Follow us:

Mariners blog

Daily coverage of the Mariners during the season and all year long.

September 15, 2009 at 5:07 PM

Branyan wants to play again this year — and return to Seattle next year

Note: I initially listed Branyan’s 2009 salary as $4 million. That’s a mistake. His base salary was actually $1.4 million this year, with incentives that pushed it to $1.75 million. Sorry for the error.
Russ Branyan, who has been out since Aug. 28 with a back injury, said today that he is feeling much better and aiming to play again this season. Branyan set the Blue Jays series in Toronto, Sept. 24-27, as his target return date.
“My goal is to get back on the field with the team because I started the season with the ballclub as a starting player, and I want to finish that way,” he said.
But the more significant nugget, long-term, was Branyan’s reiteration today of his desire to return to the Mariners next year.
“I can’t ask for anything more than to come back here,” He said. “From Jack Zduriencik to Don Wakamatsu to the coaching staff to my teammates to the clubhouse staff to the grounds crew to everyone, I haven’t been treated better in my career, I haven’t met better people. The fans here, the city…but obviously it’s going to be up to them whether they want to bring me back here or not. I’d love to come back here, I enjoy playing in this ballpark, I enjoyed getting to play on an every-day basis this year. I’d be excited to entertain the option to come back here next year.”

Branyan, of course, will be a free agent after the season. He figures to get attention from other teams as a left-handed slugger after hitting .251 with 31 homers and 76 RBIs in 116 games. But in a perverse way, his ongoing back issues might help steer Branyan back to the Mariners by making teams gunshy about his long-term durability. It seems to me like this marriage was such a good fit that the two sides will be able to work something out. Branyan may never have a better shot at a big payday (he played this year at $1.75 million, inlcuding incentives (a bargain in baseball terms), but I believe he also feels some definite loyalty to the Mariners for giving him a chance to play every day. And he’s happy here. Smart players stay where they’re happy.
Branyan, who is 33, joked that he would seek a contract that takes him to age 50.
“When I can’t play anymore, I’ll just work under Jack,” he said.
The opportunity to play every day again will be a huge factor for Branyan in choosing a team.
“What would you do? Would you want to go back to sitting on the bench?” he asked rhetorically. “No. I think this year was a building block for me. My reps, my stamina, everything, I think I’ll build off it. Next year, as long as I get a chance to play every day, I think it’s up from here.
Wakamatsu said that there’s even a possibility Branyan will be ready to play during the Tampa Bay series prior to Toronto.
“I still think he’s going to be able to finish the year out playing,” he said. “We just don’t how much time it will be. He’s doing a lot of stuff in the pool right now. He still feels it a little bit.”
Added Wakamatwsu, “He’s had a career year, and I think it would be kind of nice for him to be part of the finale of this. I know it was bothering him tremendously not to go on this last road trip and be a part of helping us win.”
How badly was it bothering Branyan?
“Any time you spend time away from the game, away from the team, it sucks,” he said. “It sucks sitting here, it sucks not being able to go on the road trip. The worst you can do in the game of baseball is strike out four times in a game and make three errors. I’d much rather do that than sit in the house on the disabled list.”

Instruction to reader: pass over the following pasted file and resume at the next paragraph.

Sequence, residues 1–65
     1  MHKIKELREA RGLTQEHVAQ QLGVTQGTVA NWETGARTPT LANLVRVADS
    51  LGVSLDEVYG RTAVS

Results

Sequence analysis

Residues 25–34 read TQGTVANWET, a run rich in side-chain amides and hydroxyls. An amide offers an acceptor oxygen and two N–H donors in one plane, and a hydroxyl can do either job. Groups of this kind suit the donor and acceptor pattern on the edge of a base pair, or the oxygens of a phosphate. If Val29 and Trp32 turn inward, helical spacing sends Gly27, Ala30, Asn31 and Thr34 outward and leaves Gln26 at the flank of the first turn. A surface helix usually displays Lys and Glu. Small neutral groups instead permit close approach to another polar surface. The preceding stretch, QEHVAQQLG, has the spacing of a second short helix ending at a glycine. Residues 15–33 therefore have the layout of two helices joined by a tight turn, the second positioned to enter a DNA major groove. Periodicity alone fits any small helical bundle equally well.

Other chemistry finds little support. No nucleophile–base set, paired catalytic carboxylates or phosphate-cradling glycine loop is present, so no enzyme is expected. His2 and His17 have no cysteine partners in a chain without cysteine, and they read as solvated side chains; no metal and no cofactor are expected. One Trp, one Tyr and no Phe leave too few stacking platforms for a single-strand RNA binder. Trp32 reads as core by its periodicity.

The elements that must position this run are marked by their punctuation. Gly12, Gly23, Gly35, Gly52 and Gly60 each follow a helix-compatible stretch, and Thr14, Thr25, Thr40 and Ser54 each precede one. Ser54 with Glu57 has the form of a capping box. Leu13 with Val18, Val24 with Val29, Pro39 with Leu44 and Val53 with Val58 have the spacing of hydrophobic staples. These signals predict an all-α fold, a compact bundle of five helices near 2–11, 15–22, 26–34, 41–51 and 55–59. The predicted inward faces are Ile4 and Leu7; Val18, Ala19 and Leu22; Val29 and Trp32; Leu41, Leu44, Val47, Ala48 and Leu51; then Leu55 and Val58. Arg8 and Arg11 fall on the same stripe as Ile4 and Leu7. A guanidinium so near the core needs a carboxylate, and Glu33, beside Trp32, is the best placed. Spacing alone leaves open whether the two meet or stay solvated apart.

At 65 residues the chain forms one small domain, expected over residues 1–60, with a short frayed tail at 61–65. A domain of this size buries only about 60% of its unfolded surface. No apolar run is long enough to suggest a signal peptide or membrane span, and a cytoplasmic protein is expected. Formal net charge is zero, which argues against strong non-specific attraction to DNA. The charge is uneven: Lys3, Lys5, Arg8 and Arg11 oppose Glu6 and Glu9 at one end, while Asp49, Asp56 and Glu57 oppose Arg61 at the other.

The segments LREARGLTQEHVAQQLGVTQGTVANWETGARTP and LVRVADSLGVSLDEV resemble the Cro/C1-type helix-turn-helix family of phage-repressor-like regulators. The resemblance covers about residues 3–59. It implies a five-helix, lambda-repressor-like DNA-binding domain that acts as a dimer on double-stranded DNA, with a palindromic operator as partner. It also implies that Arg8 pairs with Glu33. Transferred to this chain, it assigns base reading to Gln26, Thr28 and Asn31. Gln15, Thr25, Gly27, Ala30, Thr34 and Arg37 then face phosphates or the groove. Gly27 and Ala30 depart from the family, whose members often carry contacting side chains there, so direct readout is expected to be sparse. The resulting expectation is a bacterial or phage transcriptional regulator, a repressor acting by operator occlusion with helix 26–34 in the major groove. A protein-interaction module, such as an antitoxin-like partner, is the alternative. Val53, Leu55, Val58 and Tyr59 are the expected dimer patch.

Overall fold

Here’s some more from Wakamatsu on Branyan:
“You look at some of these guys, like Gutierrez and Russell to both play a full year, you have to go through a full year to understand the stress on your body. They both will be better for it. I think Russell learned a lot this year. Obviousy he had career high in home runs and I thought he made tremendous improvement at first base, a lot more than we initially thought. We wondered how good he would be over there, I think he ended up being pretty solid.
“The big question will be whether his body can do it for a full year. But the numbers, his play, I think more than proves that he’s able to be a legitimate force at first base.”
As for the prospects of Branyan staying healthy next year, Wakamatsu said, “That’s something that Jack and his agent will have to deal with. It would be nice to get him back on the field to show that it’s just a setback and not something that will bother him in the future.”



No personal attacks or insults, no hate speech, no profanity. Please keep the conversation civil and help us moderate this thread by reporting any abuse. See our Commenting FAQ.

The opinions expressed in reader comments are those of the author only, and do not reflect the opinions of The Seattle Times.

The Seattle Times

The door is closed, but it's not locked.

Take a minute to subscribe and continue to enjoy The Seattle Times for as little as 99 cents a week.

Subscription options ►

Already a subscriber?

We've got good news for you. Unlimited content access is included with most subscriptions.

Subscriber login ►
The Seattle Times

To keep reading, you need a subscription upgrade.

We hope you have enjoyed your complimentary access. For unlimited access, please upgrade your digital subscription.

Call customer service at 1.800.542.0820 for assistance with your upgrade or questions about your subscriber status.

The Seattle Times

To keep reading, you need a subscription.

We hope you have enjoyed your complimentary access. Subscribe now for unlimited access!

Subscription options ►

Already a subscriber?

We've got good news for you. Unlimited content access is included with most subscriptions.

Activate Subscriber Account ►